Many of you have probably already heard of amaranth. The pseudocereal jumped to global attention a few years back, as another ‘ancient superfood’ that could cure our health woes, following in the footsteps of foods like quinoa and chia.
I’m a little late to jump on the amaranth bandwagon, but last week I heard about some cool new scientific research that made me want to know more about the wondergrain. So here are five facts about #ourfavouriteplant of the week, amaranth
We’ve said it before on the blog, and I’m sure we’ll say it again: polyploidization is a power move when it comes to pumping out products.
Being polyploid means having more than the normal two (one from mum, one from dad) sets of chromosomes. Several important commercial species, including wheat and cotton, are polyploid, or more specifically ‘allopolyploid’: their chromosome sets come from two or more different species. This mixing of different genomes produces offspring that can have cool and unusual traits (like large grains!). Plus the extra gene copies coming from the extra chromosome sets can be repurposed to do cool new things.
Anyway, grain Amaranth is a polyploid! Recent mapping of the genome and transcriptome of Amaranthus suggests that a very ancient polyploidization event lead to the creation of Amaranthus hybridus. And from this ancient species, our three commonly cultivated grain Amaranths- Amaranthus hypochondriacus, Amaranthus caudatus and Amaranthus cruentus- were domesticated.
Suppressed by the Spanish
The domestication of amaranth took place in Mexico, and developed into a stable food source, used for at least 8000 years in North, Central and Southern America. However, following the invasion of the Spanish, growth and consumption of amaranth was deliberately and aggressively suppressed. This has been suggested to be linked to the use of the grain in a range of indigenous religious ceremonies. Luckily the plants persisted, grown in secret by the locals, or surviving as a weed in out-of-reach areas.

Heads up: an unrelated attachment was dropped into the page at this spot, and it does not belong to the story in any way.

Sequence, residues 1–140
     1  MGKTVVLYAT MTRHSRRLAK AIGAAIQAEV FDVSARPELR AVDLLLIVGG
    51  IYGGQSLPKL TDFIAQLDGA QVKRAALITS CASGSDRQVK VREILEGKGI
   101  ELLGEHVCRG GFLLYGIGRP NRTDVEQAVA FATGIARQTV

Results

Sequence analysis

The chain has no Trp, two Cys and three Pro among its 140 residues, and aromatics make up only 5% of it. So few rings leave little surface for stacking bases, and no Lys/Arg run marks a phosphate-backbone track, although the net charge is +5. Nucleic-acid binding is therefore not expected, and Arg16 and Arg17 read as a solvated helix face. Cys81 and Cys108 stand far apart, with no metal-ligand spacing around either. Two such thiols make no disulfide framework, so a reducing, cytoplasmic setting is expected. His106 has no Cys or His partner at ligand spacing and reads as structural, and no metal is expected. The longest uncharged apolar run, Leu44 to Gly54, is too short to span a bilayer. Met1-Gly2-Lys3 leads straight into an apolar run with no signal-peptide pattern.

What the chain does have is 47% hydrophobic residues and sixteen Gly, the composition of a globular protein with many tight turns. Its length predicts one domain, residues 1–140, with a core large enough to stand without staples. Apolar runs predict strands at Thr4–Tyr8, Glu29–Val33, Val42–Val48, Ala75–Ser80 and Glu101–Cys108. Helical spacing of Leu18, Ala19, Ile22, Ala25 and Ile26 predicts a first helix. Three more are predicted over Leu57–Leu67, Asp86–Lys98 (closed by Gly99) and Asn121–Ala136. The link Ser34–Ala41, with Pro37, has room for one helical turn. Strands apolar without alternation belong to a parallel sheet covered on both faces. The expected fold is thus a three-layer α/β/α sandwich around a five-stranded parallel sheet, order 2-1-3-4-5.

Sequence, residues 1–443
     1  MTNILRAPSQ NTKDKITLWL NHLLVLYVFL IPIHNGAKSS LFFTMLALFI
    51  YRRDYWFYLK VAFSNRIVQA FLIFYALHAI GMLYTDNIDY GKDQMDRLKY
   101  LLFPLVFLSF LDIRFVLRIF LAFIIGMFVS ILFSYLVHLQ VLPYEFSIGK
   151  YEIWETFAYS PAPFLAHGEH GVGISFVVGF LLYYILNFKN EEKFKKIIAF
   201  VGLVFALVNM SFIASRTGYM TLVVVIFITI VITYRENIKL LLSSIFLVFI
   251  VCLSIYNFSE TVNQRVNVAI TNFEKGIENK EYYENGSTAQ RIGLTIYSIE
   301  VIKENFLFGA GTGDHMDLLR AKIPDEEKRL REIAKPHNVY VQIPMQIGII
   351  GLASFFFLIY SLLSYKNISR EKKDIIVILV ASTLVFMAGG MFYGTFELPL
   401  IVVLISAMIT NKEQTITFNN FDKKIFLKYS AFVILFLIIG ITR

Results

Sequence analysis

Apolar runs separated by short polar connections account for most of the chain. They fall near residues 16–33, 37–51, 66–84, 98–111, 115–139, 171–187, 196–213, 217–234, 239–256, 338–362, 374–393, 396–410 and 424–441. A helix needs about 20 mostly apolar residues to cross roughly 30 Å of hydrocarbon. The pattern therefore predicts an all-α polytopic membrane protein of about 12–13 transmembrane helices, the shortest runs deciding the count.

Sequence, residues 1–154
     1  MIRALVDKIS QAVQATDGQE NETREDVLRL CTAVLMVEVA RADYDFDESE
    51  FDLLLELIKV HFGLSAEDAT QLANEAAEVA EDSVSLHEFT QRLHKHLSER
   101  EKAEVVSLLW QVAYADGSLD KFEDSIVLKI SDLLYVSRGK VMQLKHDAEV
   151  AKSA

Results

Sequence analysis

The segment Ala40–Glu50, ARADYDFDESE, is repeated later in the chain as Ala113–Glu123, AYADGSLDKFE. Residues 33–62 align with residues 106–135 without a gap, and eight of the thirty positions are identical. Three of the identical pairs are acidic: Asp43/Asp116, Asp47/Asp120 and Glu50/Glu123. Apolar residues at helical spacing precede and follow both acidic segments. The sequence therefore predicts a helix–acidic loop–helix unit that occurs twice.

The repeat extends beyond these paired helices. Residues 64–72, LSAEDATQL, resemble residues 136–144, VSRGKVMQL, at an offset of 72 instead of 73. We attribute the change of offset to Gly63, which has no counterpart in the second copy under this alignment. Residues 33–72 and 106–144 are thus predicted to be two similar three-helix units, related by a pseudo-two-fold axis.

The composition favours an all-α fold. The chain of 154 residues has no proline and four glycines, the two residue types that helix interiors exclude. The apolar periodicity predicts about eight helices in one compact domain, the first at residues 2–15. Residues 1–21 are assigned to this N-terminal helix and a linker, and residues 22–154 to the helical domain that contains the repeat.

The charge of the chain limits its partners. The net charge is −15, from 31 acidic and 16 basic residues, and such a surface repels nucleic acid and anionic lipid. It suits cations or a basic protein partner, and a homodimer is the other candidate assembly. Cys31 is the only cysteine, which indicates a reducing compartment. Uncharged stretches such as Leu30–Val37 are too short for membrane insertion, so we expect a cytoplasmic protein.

Making Grain Waves
In the ‘70s, amaranth made a come-back (or at least, caught the attention of the west). A letter to Science in 1977 recommends it as a potential ‘new crop’ to help address nutrition concerns in a growing world.
Since then, amaranth grain has been celebrated for features including: its high protein content, high accumulation of the (limiting) amino acid lysine, high fibre content, and particularly high availability of minerals including Mg, Ca, as well as Fe (particularly limiting to many diets). For those of you with specific health concerns or eager to follow the latest health trends, it also contains proposed ‘good oil’ squalene, and lacks gluten (celiacs rejoice!). However, it should be noted that amaranth seeds also contain ‘anti-nutritional’ factors, such as phenolic compounds, saponins, oxalates and nitrates, which can be safely removed by cooking the grain.
As well as being a seedy source of nutrition, various amaranth species also have edible leaves, stems, and even roots. The Amaranthus genus contains about 70 species, which are used as grain, vegetables, and ornamental plants. Inflorescences range from purple, to red, to gold- and their deep colours can be used to make natural dyes: colour taken from a cultivar of red-flowered amaranth has long been used by the North American Hopi as an edible food-dye!
The beautiful colouring of the flowers, which remain vibrant even when dry, gives the species its name: amaranthus comes from the Greek ‘unfading flower’. But it’s more than just the flowers that are resilient. After all, amaranth is, in modern farming, largely considered to be a weed!
The plants are particularly hardy, and resistant to various soil salinity and pH. Plus, they’re C4 plants, and show adaptability to temperature changes and water availability. And finally, they seem to have the magical power to survive a herbicide that kills most crops.
But more on that next time.
The Amaranth Genome: Genome, Transcriptome, and Physical Map Assembly is here:
(We also took information from the introduction of the paper)
The letter to science is here:
We read a bit of internets, and wiki, and feel that ‘amaranth’ deserves an alert: there’s a bit of nonsense out there. Please read any article about how a certain new thing is the greatest finding ever with a grain of salt.